I've shot SXSW quite a bit these last few years. Traditionally I've mainly covered the music aspect of the festival, but this year I branched out more into the interactive and film side of things.
One of my first tasks this year was to cover a panel discussing the lasting appeal of the 'Six Degrees of Kevin Bacon' game, featuring the man himself, with guest appearances from Felicia Day (Buffy The Vampire Slayer, The Guild) and Maisie Williams (Game Of Thrones), amongst others. If you don't know the premise of the Six Degrees game (where on earth have you been these past two decades?!), it basically revolves around the notion that Kevin Bacon, being the prolific actor that he is, can be linked to any other actor, living or dead, through their film or TV roles in six steps or less. In simpler times, before we depended on the internet for absolutely everything, this game was a great way for movie buffs to show off their encyclopedic film knowledge. Nowadays, of course, you can cheat - check out The Oracle of Bacon website and marvel at how surprisingly difficult it is to find someone that can't be connected to Kevin Bacon in just two steps or less.
Going into this panel, I was a little skeptical of how much mileage they could get from such a topic, but the whole event was surprisingly entertaining and informative. For instance, did you know that Bacon originally hated the game when he first heard about it because he thought it was making a mockery of him? Or that the game led to him starting his own charitable organization, SixDegrees.org? Apparently the website has already raised over five million dollars for various charities. Not too shabby, Kevin.
Lauren and Tanner's wedding was a treat for me for so many reasons. For starters, their reception was way out in far West Texas, in a little town called Alpine. Even just driving through the desert to get there felt like something out of a movie for me. It's a part of the country I rarely get to experience. And when the journey includes old-timey diners, ghost towns and questionable gas stations where people give you that "you ain't from around these parts" look, you can't even begin to imagine my delight.
And then of course there was the wedding itself. Lauren and Tanner opted to eschew pretty much every normal wedding tradition in favor of a weekend long party. Everyone had such a great time. For me, even shooting the bride and groom was a different experience. Normally, I just have a small window of time to grab the formal shots right after the ceremony, but with Lauren and Tanner I was able to spend several hours with them before their ceremony, traveling around Alpine and the surrounding desert to get shots in all kinds of different locations - a baseball field, a train station, the middle of a deserted highway, even the tour bus of cult country music star Dale Watson (who not only performed at their reception, but officiated their actual wedding ceremony, too). I got so many great shots I couldn't possibly include them all here, but below are some of my favorites.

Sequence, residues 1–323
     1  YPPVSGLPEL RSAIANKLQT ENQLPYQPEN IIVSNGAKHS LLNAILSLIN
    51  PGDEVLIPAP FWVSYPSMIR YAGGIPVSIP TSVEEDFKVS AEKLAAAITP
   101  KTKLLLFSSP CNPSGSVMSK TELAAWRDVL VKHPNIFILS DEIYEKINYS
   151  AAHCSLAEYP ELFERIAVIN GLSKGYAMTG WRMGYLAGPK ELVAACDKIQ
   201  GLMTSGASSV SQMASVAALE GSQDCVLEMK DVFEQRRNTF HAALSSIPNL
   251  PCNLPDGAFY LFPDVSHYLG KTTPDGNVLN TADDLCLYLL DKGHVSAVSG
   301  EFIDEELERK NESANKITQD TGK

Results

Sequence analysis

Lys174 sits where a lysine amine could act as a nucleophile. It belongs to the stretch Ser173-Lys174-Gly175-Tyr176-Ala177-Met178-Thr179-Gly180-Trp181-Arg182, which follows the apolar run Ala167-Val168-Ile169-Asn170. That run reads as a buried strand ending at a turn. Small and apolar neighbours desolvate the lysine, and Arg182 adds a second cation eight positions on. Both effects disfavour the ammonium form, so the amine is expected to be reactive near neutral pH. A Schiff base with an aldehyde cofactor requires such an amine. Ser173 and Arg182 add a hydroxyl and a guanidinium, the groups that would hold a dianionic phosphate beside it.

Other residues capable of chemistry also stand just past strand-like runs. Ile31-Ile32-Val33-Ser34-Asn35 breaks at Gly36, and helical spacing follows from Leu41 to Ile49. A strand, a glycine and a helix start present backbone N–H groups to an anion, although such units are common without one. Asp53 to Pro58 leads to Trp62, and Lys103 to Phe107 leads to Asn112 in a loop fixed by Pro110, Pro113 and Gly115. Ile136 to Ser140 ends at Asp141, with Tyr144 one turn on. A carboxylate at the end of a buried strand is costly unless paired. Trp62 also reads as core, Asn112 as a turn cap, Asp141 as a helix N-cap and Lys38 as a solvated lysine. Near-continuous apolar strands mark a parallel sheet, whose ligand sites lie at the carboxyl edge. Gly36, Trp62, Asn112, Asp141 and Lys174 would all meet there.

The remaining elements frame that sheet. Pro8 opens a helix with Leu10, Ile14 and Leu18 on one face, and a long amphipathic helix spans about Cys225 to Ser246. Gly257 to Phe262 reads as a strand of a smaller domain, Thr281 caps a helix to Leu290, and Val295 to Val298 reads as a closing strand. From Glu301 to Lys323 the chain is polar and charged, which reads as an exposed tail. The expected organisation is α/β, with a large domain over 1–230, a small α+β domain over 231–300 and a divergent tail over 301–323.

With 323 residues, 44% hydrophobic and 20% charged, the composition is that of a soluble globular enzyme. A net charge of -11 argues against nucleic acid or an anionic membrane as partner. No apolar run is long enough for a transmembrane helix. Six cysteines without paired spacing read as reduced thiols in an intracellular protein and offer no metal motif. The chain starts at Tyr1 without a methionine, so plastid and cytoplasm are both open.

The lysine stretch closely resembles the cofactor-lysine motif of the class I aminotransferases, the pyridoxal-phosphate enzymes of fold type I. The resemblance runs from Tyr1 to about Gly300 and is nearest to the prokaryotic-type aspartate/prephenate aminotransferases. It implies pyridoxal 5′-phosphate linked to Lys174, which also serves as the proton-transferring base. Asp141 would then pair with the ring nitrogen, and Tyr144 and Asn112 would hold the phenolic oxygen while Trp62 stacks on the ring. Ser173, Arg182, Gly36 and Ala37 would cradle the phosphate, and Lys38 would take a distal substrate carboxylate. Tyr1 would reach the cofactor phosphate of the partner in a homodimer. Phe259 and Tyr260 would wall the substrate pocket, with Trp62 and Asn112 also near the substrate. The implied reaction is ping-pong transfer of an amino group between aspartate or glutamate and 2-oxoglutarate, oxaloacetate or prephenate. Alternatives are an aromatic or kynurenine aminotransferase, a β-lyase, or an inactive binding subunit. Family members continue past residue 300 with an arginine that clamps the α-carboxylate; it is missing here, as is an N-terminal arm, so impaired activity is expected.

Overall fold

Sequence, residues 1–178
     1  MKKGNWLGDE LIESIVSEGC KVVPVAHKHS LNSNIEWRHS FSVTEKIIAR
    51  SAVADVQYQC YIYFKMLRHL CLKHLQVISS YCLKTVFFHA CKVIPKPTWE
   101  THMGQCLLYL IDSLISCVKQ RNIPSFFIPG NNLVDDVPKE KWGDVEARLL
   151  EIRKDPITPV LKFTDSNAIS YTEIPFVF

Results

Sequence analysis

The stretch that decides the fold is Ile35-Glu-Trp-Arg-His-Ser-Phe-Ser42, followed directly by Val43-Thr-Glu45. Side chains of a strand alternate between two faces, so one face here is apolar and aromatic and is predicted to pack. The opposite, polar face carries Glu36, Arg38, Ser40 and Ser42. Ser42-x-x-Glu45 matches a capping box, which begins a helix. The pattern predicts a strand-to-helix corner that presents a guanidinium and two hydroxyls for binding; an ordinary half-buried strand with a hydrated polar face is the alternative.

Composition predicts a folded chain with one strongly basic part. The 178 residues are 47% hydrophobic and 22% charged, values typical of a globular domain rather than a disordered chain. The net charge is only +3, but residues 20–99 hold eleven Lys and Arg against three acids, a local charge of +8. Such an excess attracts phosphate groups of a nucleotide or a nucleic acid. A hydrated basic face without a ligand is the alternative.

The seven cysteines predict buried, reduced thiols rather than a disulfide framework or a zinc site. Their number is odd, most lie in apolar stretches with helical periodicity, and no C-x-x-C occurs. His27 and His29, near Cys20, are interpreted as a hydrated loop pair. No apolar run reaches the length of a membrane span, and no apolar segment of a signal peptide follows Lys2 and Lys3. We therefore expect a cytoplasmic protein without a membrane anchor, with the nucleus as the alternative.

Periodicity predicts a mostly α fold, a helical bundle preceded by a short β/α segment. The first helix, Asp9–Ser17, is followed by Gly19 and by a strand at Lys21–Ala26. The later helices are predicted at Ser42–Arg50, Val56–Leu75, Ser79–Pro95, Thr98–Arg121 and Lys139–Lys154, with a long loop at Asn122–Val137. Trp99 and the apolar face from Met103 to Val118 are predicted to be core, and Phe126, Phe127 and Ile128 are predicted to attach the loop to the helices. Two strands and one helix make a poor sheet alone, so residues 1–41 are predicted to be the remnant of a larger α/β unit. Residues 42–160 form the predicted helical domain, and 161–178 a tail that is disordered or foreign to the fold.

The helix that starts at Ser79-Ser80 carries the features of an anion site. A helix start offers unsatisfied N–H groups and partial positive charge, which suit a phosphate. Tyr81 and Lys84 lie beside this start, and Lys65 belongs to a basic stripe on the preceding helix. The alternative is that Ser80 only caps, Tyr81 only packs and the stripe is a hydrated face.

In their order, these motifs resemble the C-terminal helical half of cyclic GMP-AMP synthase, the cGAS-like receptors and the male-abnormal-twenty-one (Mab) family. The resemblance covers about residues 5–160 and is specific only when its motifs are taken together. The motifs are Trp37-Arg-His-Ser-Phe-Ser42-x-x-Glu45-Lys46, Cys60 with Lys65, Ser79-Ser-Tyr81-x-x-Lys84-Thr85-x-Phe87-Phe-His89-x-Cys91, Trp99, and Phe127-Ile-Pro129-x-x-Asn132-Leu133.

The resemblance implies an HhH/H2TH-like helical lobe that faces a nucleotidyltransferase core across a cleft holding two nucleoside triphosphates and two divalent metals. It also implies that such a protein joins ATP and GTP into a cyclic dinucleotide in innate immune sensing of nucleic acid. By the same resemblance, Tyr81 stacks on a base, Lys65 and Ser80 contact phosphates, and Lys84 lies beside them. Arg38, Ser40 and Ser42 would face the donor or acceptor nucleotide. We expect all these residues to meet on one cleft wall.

It's been quite a while since Madisons last graced this humble blog, but the band has certainly been gaining momentum over the past year. The crowds keep getting bigger and bigger with every performance, and deservedly so. This show at The Parish marked their first of 2014, and they're off to a cracking start. I love The Parish as a venue, both as a photographer and as a music fan. The sound and lighting are always absolutely top notch.
The extremely talented and sexily-voiced Karl Morgan has been a staple of the Austin blues scene for quite some time now. Karl is moving on to bigger and better things, however, so tonight's farewell show was a wonderful, yet bittersweet occasion.
I don't think anyone could deny that he went out on a high note. Joined on stage by collaborators past and present, Karl played to a packed house and was on top form throughout the night. In all my years of concert photography it also marked the first time I'd ever seen someone actually throw their underwear at the stage (their bra landing squarely on Karl's head, no less). I'd like to think Karl is pleased he got to experience something that people who aren't Tom Jones rarely get to experience.